Our thoughts are with the families and communities in Alabama and Georgia that have been affected by the severe storms and tornados that have ripped through the region this evening and continue to impact the southern states.
Through our regional office in Atlanta, GA we have been in close contact and coordination with state emergency management officials, as they work tirelessly to meet the immediate needs of disaster survivors.
When natural disasters, such as severe storms and tornados, strike, the first responders are local emergency and public works personnel, volunteers, humanitarian organizations, and numerous private interest groups who provide emergency assistance required to protect the public's health and safety and to meet immediate human needs.
This evening, President Obama signed an emergency declaration for Alabama, providing federal support to state and local response efforts.
- The President's action authorizes the Department of Homeland Security, Federal Emergency Management Agency (FEMA), to coordinate all federal disaster relief efforts which have the purpose of alleviating the hardship and suffering caused by the emergency on the local population, and to provide appropriate assistance for required emergency measures, authorized under Title V of the Stafford Act, to save lives and to protect property and public health and safety, and to lessen or avert the threat of a catastrophe in all 67 counties in the State of Alabama.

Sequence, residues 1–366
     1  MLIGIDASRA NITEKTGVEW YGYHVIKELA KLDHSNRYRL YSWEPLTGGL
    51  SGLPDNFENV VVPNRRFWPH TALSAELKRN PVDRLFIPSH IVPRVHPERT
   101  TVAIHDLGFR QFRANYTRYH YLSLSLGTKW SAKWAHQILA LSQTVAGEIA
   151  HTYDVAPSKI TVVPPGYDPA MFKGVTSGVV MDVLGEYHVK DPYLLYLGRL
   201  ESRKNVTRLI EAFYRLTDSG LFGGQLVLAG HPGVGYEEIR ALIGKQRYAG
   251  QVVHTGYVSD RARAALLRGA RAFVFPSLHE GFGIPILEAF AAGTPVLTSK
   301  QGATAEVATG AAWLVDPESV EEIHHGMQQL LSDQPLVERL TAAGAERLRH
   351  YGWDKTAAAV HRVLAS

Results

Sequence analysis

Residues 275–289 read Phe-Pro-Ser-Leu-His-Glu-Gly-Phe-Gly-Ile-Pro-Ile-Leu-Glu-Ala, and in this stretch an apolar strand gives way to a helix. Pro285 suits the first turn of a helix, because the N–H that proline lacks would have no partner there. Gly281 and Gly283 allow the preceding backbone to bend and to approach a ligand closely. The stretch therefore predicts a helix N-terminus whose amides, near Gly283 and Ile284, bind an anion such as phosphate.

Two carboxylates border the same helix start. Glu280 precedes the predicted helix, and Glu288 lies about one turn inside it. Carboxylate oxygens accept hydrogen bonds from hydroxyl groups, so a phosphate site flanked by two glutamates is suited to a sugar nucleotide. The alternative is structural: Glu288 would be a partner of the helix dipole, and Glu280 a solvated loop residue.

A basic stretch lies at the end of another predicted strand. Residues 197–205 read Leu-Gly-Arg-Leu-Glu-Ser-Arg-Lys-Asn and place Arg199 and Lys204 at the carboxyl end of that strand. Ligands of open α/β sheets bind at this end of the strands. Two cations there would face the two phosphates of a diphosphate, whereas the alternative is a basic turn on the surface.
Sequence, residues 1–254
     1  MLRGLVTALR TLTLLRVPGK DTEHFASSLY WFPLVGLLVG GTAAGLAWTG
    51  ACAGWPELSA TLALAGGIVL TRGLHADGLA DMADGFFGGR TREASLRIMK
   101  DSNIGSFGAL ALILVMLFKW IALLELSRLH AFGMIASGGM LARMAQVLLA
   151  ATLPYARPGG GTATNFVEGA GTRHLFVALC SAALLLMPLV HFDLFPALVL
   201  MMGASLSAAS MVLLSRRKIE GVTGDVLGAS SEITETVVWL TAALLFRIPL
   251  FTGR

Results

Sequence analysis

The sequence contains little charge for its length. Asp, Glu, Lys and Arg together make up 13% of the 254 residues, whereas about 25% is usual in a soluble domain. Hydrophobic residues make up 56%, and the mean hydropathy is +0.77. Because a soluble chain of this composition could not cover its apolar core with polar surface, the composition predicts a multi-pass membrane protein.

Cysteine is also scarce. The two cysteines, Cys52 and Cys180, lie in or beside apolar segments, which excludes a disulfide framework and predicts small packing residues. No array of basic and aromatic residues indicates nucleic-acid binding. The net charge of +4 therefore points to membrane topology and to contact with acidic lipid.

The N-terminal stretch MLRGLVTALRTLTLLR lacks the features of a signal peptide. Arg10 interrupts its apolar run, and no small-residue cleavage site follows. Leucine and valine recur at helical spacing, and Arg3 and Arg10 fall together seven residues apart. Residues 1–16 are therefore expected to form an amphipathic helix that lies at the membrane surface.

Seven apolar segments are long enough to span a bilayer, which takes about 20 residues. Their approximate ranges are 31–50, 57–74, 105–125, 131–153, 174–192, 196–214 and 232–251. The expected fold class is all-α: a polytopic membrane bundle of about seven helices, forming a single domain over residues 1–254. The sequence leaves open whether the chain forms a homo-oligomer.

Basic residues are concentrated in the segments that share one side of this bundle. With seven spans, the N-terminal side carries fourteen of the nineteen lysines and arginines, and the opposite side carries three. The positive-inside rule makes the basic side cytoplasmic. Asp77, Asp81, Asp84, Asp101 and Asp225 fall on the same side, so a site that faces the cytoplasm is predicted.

- Specifically, FEMA is authorized to identify, mobilize, and provide at its discretion, equipment and resources necessary to alleviate the impacts of the emergency. Emergency protective measures, limited to direct Federal assistance, will be provided at 75 percent Federal funding.
- At the request of the state of Alabama, FEMA is deploying a liaison officer to the state emergency operations center to assist in coordination efforts as the state continues to respond and begins to recover from this devastating storm outbreak.
- Follow the instructions of state and local officials,
- Listen to local radio or TV stations for updated emergency information,
- Make sure you have a safe place to go in case severe weather approaches,
- Familiarize yourself with severe weather watch/warning terms
- Severe Thunderstorm Watch: Tells you when and where severe thunderstorms are likely to occur. Watch the sky and stay tuned to NOAA Weather Radio, commercial radio, or television for information.
- Severe Thunderstorm Warning: Issued when severe weather has been reported by spotters or indicated by radar. Warnings indicate imminent danger to life and property to those in the path of the storm.
- Tornado Watch: Tornadoes are possible. Remain alert for approaching storms. Watch the sky and stay tuned to NOAA Weather Radio, commercial radio, or television for information.
- Tornado Warning: A tornado has been sighted or indicated by weather radar. Take shelter immediately.
Related blog posts: Our role in severe storms and tornadoes